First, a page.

Friday, April 18, 2003

league of nations

Few westerners realize that in the 7th Century, Islam liberated attitudes towards women and granted them specific social, political and economic rights long before they gained them in the West, such as the equal right to education, to conduct business, to vote, to own and inherit property, and to enter freely into marriage, protected by a marriage contract. Islam forbade the widespread practice of female infanticide, and the Prophet said: "Whosoever hath a daughter, and doth not prefer his male child to her, may God bring him into Paradise."

Male and female equality is enshrined in numerous places in Islamic scripture, and many traditions in Muslim countries that are now considered coercive by the West are not mandated in the Quran, but are holdovers from pre-Islamic cultures.

Women the world over, including in the Muslim world, have had to struggle with the limitations placed on them by less enlightened members of their societies. Islam fought against this from the beginning, and today, restrictive and distorted interpretations of tradition and scripture do not reflect the beliefs of the majority of Muslims or the intentions of the Prophet himself. The reality is much more diverse.

In the same way, modern Islam is a vibrant, multifaceted faith, worlds away from the distorted and angry picture that has been so tragically flashed across the world’s television screens. Like any religion, it has divergent sects, historically forged in response to external threats and internal power struggles, and some spawn aberrant fanatics ready to twist the fundamental tenets of the faith to their own political ends.

Sadly, current circumstances in our region, and a sense that the rest of the world doesn’t understand or care, have the voices and influence of a militant minority. As the technologies and strategies of Western-driven globalization ever widen their reach, many local communities are feeling more marginalized than ever before.

i listened to her this morning. and what can i say, she is absolutely wonderful.

last evening while browsing through shelves in the library instead of engaging in studious endevours, i stumbled (?) into a book by thich nhat hanh. i first got introducted to him through a bell hooks in ">all about love. so i open the book and voila i read this. very timely with world being the way it is. the book was published cira 2001.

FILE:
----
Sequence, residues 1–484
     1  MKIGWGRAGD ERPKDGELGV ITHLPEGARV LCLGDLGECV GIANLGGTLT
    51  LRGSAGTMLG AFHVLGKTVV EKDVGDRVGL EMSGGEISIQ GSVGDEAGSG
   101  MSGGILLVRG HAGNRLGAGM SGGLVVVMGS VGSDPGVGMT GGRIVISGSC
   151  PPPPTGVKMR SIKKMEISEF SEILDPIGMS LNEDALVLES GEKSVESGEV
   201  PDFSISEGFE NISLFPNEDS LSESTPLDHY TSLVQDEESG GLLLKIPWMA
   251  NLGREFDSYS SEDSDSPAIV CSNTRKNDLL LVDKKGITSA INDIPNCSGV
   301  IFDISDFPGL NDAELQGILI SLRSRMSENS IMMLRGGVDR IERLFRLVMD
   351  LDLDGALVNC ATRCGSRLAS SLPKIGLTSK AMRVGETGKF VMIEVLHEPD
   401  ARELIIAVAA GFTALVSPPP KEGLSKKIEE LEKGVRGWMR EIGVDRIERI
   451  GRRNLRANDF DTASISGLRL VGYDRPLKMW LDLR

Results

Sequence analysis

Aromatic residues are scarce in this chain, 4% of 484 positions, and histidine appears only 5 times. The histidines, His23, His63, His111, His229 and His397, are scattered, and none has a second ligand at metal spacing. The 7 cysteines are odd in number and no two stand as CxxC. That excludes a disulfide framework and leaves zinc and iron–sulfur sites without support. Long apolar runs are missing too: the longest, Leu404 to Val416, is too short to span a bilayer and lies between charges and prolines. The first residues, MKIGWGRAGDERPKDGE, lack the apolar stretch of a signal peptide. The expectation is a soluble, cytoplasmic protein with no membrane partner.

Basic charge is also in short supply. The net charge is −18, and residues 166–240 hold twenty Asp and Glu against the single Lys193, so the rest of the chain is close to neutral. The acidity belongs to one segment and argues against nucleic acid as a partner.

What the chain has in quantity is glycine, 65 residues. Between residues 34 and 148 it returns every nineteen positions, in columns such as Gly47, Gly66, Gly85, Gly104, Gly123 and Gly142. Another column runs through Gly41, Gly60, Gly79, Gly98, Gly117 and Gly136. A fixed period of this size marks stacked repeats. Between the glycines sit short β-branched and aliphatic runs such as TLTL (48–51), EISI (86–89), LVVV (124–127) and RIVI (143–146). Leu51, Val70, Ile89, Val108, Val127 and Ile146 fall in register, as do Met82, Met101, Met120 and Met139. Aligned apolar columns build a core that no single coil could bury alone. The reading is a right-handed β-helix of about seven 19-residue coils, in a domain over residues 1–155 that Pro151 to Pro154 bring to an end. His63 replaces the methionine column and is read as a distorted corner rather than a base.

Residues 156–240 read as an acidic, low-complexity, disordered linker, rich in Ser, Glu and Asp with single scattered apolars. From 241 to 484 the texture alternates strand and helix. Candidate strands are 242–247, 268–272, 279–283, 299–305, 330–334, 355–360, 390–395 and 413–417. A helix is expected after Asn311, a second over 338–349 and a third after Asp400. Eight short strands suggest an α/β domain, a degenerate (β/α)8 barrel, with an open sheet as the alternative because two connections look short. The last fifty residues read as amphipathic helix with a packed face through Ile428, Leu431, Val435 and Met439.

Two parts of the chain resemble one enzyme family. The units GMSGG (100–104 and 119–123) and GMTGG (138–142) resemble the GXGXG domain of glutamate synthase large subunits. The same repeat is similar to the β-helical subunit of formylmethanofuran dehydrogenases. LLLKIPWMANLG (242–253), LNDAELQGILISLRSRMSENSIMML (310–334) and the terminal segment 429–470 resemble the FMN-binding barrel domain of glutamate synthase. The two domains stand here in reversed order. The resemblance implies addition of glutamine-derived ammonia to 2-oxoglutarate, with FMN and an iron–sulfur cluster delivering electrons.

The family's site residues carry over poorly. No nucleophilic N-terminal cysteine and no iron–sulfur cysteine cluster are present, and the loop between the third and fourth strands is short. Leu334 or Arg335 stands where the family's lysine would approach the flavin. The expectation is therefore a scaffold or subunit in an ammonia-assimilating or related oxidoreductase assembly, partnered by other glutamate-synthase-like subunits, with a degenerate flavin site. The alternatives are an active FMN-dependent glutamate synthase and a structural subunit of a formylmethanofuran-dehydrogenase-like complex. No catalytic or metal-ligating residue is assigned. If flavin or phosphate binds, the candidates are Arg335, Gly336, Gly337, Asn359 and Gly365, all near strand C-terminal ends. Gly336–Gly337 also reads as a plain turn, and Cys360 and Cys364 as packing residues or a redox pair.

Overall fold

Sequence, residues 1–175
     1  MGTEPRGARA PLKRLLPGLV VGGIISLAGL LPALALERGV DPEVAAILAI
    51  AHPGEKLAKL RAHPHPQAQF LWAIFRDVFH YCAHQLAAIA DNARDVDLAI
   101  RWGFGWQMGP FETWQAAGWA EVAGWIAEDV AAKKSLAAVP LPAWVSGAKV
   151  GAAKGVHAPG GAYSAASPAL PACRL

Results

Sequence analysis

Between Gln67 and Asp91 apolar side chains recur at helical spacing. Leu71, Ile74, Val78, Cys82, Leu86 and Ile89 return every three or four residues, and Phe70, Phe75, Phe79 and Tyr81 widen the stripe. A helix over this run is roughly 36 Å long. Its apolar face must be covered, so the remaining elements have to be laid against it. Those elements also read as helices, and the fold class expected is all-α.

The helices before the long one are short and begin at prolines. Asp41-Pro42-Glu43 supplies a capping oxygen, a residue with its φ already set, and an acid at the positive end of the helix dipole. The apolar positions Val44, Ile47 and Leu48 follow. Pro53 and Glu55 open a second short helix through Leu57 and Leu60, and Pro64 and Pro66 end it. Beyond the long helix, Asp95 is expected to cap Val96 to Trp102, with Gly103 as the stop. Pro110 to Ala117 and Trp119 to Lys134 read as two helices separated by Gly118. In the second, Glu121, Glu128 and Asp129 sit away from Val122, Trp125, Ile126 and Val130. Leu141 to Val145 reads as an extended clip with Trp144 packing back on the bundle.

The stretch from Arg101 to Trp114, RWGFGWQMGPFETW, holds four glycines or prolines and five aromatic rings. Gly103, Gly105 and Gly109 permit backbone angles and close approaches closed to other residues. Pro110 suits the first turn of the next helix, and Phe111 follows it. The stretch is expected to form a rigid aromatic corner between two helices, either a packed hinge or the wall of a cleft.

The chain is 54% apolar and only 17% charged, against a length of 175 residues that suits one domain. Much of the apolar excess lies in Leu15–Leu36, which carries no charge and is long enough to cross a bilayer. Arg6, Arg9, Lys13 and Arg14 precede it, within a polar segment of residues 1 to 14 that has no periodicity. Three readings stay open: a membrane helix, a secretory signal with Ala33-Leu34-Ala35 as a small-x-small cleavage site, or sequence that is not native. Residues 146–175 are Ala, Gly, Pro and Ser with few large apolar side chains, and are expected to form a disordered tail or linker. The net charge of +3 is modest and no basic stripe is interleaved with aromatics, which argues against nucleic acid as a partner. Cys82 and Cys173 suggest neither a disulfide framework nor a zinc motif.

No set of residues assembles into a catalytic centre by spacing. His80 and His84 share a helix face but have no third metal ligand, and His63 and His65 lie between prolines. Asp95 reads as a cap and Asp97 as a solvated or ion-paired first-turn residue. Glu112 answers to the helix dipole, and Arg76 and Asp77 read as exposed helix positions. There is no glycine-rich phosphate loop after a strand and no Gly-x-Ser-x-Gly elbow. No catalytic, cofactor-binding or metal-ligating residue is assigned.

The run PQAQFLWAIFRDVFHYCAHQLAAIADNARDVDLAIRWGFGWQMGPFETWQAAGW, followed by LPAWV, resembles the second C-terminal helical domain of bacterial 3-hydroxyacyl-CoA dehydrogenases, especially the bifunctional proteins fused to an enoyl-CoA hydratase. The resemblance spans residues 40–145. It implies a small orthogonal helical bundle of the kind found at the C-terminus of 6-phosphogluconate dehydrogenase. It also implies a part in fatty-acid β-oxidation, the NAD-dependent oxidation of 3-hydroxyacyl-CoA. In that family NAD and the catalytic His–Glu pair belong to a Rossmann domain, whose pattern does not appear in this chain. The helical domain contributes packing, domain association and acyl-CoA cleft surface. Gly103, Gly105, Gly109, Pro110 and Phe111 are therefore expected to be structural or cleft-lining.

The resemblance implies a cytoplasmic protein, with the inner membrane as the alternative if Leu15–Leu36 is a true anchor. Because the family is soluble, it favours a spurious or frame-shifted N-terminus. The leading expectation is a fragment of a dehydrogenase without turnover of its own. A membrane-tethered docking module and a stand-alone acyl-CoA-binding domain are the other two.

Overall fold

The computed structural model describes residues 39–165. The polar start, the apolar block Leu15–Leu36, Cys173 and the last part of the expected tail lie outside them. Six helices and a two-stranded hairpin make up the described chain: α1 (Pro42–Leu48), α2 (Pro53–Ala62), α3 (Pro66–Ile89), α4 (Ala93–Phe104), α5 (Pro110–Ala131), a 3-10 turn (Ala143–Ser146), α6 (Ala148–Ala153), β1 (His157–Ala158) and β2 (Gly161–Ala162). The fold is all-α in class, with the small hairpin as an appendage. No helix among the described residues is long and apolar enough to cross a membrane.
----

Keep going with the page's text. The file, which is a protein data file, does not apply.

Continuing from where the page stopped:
'punishing the other person is self punishment.that is true in every circumstance.every time in the united states army tries to punish iraq,not only does iraq suffer, but the u.s also suffers. everytime iraq tries to punish the u.s, the u.s suffers, but iraq also suffers. the same is true everywhere; between israel and palestinian, between muslim and hindu, between you and the other person. it has always been like that. so, let us wake up; let us be aware that punishing the other person is not an intelligent strategy.'

forgive me while i digress.

i live in the other side of the tracks. my aparment complex is filled with an abundance of flora and fauna. + this is not counting the mendes that make our crib their happy abode. we have called the bug people repeatedly to no avail. i swear the insects here are of another species. i tell you. aii. these ones not related to those found in the motherland. these ones are more huger. more scareier and uugghh.+ then to add salt to the injury, just the other day, it was not even long ago, i saw some two ducks swimming in our swimming i thought, nah must be the eyes doing tricks on me. these tu-ducks were wadding away so contendely with no duck care in the world. so, when i went to the shops in the morning, there they were.swimming away. i was like pacha was like nah. at least there are ducks. what if someone was susing inside. im like wtf.

i live in an interesting part of town. it cracks me up that right across the road from my happy abode. is an electrical fenced. a couple of jacquzis. free cable. and costs a hundred or so dollars more $ of what i pay. they charge for water also. the land of the we say in zimbabwe. i dont mind were we live. there is water. free water. not like the time back home when there was severe water shortages and electricity rationing. which is an illustration of how run down the institutions of governance have become considering in kenya for instance, there are natural water catchement areas.

the diversity in the neighbourhood epitomizes what nikki giovanni says ' not a bad country in fact most likely the best possible hope of human exemplify differences' (..more..).there is the vibrance of africa. the sensualness of sub indian continent. la familia of brotherhood.the idealism of which this country is founded upon.


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